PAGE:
Role-based access control

This page provides an overview for role-based access control in Google Kubernetes Engine.


Kubernetes role-based access control (RBAC) system lets you exercise fine-grained control over how users access the API resources running on your cluster. You can use RBAC to dynamically configure permissions for your cluster's users and define the kinds of resources with which they can interact.

You can create RBAC permissions that apply to your entire cluster, or to specific namespaces within your cluster. Cluster-wide permissions are useful for limiting certain users' access to specific API resources (such as security policies or Secrets). Namespace-specific permissions are useful if, for example, you have multiple groups of users operating within their own respective namespaces. RBAC can help you ensure that users only have access to cluster resources within their own namespace.

Before you begin

To prepare for this task, perform the following steps:

  • Ensure that you have enabled the Google Kubernetes Engine API.
  • Enable Google Kubernetes Engine API
  • Ensure that you have installed the Cloud SDK.
  • Set your default project ID:
    gcloud config set project [PROJECT_ID]
  • If you are working with zonal clusters, set your default compute zone:
    gcloud config set compute/zone [COMPUTE_ZONE]
  • If you are working with regional clusters, set your default compute region:
    gcloud config set compute/region [COMPUTE_REGION]
  • Update gcloud to the latest version:
    gcloud components update

Interaction with Identity and Access Management

GKE also uses Cloud Identity and Access Management (IAM) to control access to your cluster. However, Cloud IAM works on a per-project basis—that is, users require project-level permissions to access any cluster in a given GCP project.

RBAC permissions provide finer-grained control over access to resources within each cluster. As such, Cloud IAM and RBAC can work in concert, and a user must have sufficient permissions at either level to work with resources in your cluster.

Prerequisites for using Role-Based Access Control

You must grant your user the ability to create roles in Kubernetes by running the following command. [USER_ACCOUNT] is the user's email address:

kubectl create clusterrolebinding cluster-admin-binding \
--clusterrole cluster-admin --user [USER_ACCOUNT]

Setting up Role-Based Access Control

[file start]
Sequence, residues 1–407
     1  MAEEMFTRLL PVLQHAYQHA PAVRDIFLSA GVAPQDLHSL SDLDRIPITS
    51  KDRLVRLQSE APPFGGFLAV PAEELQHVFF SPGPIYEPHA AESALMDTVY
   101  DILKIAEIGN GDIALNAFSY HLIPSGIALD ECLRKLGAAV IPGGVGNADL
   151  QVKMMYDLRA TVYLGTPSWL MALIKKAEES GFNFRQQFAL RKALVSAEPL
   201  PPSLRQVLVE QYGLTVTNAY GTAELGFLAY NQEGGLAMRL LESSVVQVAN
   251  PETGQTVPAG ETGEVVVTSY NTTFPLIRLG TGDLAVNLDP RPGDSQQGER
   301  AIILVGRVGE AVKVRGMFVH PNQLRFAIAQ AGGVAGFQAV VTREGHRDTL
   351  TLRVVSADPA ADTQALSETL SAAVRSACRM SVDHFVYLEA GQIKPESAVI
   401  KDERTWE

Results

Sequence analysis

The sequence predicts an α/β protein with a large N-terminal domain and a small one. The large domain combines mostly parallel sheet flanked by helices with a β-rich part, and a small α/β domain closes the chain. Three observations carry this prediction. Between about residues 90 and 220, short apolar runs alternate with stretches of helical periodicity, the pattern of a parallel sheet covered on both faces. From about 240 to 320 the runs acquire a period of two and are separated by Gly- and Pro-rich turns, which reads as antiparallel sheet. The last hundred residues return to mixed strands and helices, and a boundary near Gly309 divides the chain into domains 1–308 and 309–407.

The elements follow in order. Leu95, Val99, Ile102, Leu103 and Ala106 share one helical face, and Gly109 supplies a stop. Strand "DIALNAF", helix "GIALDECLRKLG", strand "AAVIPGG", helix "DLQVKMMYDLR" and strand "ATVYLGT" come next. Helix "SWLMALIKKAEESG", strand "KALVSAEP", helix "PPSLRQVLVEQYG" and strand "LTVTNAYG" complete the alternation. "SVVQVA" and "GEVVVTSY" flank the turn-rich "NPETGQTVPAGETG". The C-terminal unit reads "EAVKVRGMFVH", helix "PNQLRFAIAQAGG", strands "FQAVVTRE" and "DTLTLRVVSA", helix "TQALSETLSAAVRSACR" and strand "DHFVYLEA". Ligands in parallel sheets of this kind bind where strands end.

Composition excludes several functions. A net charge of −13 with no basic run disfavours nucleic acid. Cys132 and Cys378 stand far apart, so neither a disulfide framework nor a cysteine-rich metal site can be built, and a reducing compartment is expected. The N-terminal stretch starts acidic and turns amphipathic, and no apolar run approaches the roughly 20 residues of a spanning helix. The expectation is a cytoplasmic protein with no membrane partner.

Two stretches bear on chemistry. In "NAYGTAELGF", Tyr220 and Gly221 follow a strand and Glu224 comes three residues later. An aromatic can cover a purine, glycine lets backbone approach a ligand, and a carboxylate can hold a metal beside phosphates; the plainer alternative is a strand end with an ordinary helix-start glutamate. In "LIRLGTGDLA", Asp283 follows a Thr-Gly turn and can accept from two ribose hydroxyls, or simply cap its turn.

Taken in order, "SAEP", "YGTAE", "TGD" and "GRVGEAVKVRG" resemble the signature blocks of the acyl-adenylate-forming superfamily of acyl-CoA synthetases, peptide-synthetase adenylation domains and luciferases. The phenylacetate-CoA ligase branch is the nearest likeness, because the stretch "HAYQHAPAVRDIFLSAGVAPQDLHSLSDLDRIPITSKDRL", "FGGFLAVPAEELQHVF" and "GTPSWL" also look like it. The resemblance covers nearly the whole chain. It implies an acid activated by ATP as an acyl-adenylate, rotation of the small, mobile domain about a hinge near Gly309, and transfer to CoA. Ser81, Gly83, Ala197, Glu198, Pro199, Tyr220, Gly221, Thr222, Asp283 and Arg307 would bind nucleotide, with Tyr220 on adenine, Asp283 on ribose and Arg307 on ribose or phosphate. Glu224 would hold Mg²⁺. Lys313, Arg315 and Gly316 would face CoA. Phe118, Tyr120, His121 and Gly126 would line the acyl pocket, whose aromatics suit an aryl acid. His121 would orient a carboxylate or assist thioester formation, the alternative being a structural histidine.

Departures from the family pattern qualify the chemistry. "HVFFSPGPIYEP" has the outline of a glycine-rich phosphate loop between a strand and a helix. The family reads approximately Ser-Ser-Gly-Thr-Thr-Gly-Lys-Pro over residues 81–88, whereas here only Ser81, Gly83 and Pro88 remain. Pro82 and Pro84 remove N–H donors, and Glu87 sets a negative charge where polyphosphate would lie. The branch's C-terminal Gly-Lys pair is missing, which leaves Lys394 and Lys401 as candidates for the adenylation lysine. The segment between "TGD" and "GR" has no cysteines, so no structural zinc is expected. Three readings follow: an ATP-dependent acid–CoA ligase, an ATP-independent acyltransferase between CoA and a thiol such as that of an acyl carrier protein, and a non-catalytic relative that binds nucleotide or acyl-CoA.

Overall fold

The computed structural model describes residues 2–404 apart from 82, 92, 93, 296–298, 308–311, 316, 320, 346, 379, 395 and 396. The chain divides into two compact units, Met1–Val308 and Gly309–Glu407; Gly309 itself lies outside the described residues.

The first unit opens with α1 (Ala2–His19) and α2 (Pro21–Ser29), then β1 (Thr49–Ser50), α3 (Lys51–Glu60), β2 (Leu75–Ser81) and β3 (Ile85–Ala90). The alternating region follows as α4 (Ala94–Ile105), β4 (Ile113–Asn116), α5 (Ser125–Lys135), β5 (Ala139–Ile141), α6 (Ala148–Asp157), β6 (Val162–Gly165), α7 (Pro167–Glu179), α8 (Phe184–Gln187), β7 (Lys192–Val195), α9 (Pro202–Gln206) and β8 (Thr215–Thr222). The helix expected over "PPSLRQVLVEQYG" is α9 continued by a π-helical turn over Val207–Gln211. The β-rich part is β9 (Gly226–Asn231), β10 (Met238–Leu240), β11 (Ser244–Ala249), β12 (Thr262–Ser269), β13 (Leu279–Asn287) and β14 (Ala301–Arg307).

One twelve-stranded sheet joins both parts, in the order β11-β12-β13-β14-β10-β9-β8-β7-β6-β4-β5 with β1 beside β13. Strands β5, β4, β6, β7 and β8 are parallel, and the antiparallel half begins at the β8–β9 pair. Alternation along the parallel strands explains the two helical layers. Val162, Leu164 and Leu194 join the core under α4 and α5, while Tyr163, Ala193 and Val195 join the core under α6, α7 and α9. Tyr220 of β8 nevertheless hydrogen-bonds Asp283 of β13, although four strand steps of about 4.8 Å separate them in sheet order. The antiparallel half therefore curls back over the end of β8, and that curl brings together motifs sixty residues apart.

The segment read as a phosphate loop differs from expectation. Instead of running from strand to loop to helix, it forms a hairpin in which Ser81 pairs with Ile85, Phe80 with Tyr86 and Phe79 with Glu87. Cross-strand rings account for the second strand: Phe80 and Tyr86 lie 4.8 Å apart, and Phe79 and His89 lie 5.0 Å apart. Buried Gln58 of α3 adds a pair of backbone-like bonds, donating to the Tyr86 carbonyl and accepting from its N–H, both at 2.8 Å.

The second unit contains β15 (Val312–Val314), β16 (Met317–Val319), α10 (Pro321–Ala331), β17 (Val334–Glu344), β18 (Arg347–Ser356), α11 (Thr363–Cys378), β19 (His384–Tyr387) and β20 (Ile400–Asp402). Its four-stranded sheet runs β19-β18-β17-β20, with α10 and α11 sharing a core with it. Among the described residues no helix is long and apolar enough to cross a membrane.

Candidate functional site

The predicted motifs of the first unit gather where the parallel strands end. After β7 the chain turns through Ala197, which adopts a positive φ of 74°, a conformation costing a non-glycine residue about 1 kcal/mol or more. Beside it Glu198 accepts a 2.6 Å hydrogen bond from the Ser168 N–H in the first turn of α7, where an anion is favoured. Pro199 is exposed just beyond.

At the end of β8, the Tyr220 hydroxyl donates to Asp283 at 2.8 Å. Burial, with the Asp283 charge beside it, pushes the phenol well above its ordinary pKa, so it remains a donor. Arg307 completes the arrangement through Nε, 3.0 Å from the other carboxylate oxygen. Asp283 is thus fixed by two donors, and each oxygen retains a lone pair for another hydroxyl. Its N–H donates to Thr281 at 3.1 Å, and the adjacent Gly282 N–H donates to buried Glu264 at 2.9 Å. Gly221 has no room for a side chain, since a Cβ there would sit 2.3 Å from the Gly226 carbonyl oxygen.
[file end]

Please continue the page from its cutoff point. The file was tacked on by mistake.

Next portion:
You define your RBAC permissions by creating objects from the API group in your cluster. You can create the objects using the kubectl command-line interface, or programmatically.

You'll need to create two kinds of objects:

  1. A Role or ClusterRole object that defines what resource types and operations are allowed for a set of users.
  2. A RoleBinding or ClusterRoleBinding that associates the Role (or ClusterRole) with one or more specific users.

RBAC permissions are purely additive--there are no "deny" rules. When structuring your RBAC permissions, you should think in terms of "granting" users access to cluster resources.

Defining Permissions in a Role

You define permissions within a Kubernetes Role or ClusterRole API object. A Role grants access to resources within a single namespace, while a ClusterRole grants access to resources in the entire cluster.

Within your Role (or ClusterRole) object, you define the permissions as a set of rules. The rules determine the namespace, resource type, and allowable operations for that role. For example, you can create a Role that grants read access (operations such as get, watch, and list) for all Pod resources in a given namespace.

Role vs. ClusterRole

Because ClusterRole permissions apply across the entire cluster, you can use them to control access to different kinds of resources than you can with a Role. These include:

  • Cluster-scoped resources such as Nodes
  • Non-resource Endpoints such as /healthz
  • Namespaced resources across all namespaces (for example, all Pods across the entire cluster, regardless of namespace)

Assigning Permissions to Users with RoleBinding

Once you've created the Role (or ClusterRole), you must create a RoleBinding (or ClusterRoleBinding) object to grant the permissions in the Role (or ClusterRole) to a set of users. The users can be individual users, or Kubernetes service accounts.

The RoleBinding (or ClusterRoleBinding) contains a list of the users, and a reference to the Role (or ClusterRole) being granted to those users.

API Usage and Examples

For complete information on using the Kubernetes API to create the necessary Role, ClusterRole, RoleBinding, and ClusterRoleBinding objects for RBAC, see Using Role-Based Access Control Authorization in the Kubernetes documentation.


The following sections describe caveats related to Kubernetes' RBAC support.

Default discovery roles

Clusters are created with a set of default ClusterRoles and ClusterRoleBindings. Requests made with valid credentials are placed in the system:authenticated group, whereas all other requests fall into system:unauthenticated. Prior to Kubernetes version 1.14, both system:authenticated and system:unauthenticated grant the system:basic-user and system:discovery ClusterRoles by default.

The system:basic-user ClusterRole allows users to make SelfSubjectAccessReviews to test their permissions in the cluster. The system:discovery role allows users to read discovery APIs, which can reveal information about CustomResourceDefinitions added to the cluster.

As of 1.14, anonymous users (system:unauthenticated) will receive the system:basic-info-viewer ClusterRole instead, which grants read-only access to /healthz and /version APIs.

To see the API endpoints allowed by the system:discovery ClusterRole, run the following command:

kubectl get clusterroles system:discovery -o yaml

What's next

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Kubernetes Engine Documentation